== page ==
Hydroseeding is the easiest – and sometimes the only – way to establish grass cover on steep slopes, the edges of watercourses, and other locations where access is difficult. It's also a very useful technique for landscaping and environmental applications – for establishing grass on rubbish tips, controlling dust on coal tips, and combatting soil erosion.
If you're unfamiliar with hydroseeding, it's a sowing method that involves spraying a slurry containing your chosen seed mixture, fertiliser, and a cellulose material that helps bind the seed to the ground.
Hydroseeding is so safe, efficient, and practical, it's often used as an alternative to normal seeding on areas larger than 1.000 m². For example, if the prepared surface is so delicate it can't be driven on, hydroseeding lets you sow seed and add fertiliser in a single, low-impact operation. That's why hydroseeding is as likely to be used on golf greens as it is on grass verges.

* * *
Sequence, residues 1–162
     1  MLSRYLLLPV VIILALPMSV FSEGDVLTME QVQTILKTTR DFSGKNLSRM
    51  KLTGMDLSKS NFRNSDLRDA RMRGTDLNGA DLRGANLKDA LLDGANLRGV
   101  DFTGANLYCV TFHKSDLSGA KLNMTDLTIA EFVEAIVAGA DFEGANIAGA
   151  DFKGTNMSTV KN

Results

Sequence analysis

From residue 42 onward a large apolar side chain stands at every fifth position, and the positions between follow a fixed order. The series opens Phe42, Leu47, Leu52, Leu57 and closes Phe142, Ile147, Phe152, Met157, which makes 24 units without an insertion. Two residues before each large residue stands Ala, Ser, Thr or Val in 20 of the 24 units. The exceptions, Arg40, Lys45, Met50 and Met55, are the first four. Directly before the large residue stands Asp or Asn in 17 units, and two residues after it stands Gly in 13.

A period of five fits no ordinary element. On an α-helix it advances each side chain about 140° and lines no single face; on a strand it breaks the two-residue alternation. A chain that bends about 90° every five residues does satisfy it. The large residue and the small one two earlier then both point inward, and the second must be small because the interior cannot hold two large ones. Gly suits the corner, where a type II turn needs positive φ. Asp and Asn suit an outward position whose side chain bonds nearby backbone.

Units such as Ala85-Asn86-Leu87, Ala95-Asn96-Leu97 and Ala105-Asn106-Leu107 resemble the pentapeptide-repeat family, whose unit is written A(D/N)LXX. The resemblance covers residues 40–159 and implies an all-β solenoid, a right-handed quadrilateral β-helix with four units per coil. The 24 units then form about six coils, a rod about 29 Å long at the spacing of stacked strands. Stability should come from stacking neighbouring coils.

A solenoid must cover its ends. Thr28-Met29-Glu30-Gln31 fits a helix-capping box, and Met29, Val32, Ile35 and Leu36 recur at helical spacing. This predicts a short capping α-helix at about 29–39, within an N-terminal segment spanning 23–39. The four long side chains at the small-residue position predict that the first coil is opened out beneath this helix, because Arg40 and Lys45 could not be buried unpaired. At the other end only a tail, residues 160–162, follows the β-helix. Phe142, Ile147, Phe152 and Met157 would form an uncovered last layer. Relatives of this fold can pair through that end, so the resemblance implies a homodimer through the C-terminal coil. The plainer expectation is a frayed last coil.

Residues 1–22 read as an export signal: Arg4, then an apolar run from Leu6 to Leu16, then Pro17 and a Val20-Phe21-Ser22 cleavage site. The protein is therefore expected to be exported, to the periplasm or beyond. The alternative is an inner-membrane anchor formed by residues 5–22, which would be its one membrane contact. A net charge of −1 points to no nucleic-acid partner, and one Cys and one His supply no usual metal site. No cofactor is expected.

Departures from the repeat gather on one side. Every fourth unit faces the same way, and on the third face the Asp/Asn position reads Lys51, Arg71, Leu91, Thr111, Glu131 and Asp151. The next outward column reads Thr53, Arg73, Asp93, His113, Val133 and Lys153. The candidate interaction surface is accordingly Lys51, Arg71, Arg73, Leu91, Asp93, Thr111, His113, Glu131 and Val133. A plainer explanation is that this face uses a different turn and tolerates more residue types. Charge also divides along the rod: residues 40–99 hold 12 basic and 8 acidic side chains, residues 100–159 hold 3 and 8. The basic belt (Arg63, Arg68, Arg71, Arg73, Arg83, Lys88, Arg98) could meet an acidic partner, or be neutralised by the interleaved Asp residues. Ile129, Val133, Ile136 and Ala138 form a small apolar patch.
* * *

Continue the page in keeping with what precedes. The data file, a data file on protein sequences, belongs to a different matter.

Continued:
You can sow any type of seed with hydroseeding – anything from the smallest grass seeds through wild herbs to seeds of woody plants. You choose the seed that's right for the location and the project.
Since hydroseeding is not dependent on the weather, you can continue to sow throughout the growing season. You judge the time for hydroseeding by the level of establishment of earlier seedings.
Hydroseeding works on flat and irregular terrain, so there's no need to prepare the ground first. You don't even have to remove stones or rocks. The only reason you'd prepare the ground is when you want to use the finished grass for a specific purpose.
Growing conditions vary widely across terrain suitable for hydroseeding. Here are our suggestions for various applications:
In more extreme conditions on steeper slopes, it helps to mix in 10% Italian ryegrass (lolium multiflorum) for optimum germination and establishment. Strong creeping red fescue (festuca rubra rubra), with its long underground rhizomes, is good for soil stabilisation. And it regenerates well after summer stress.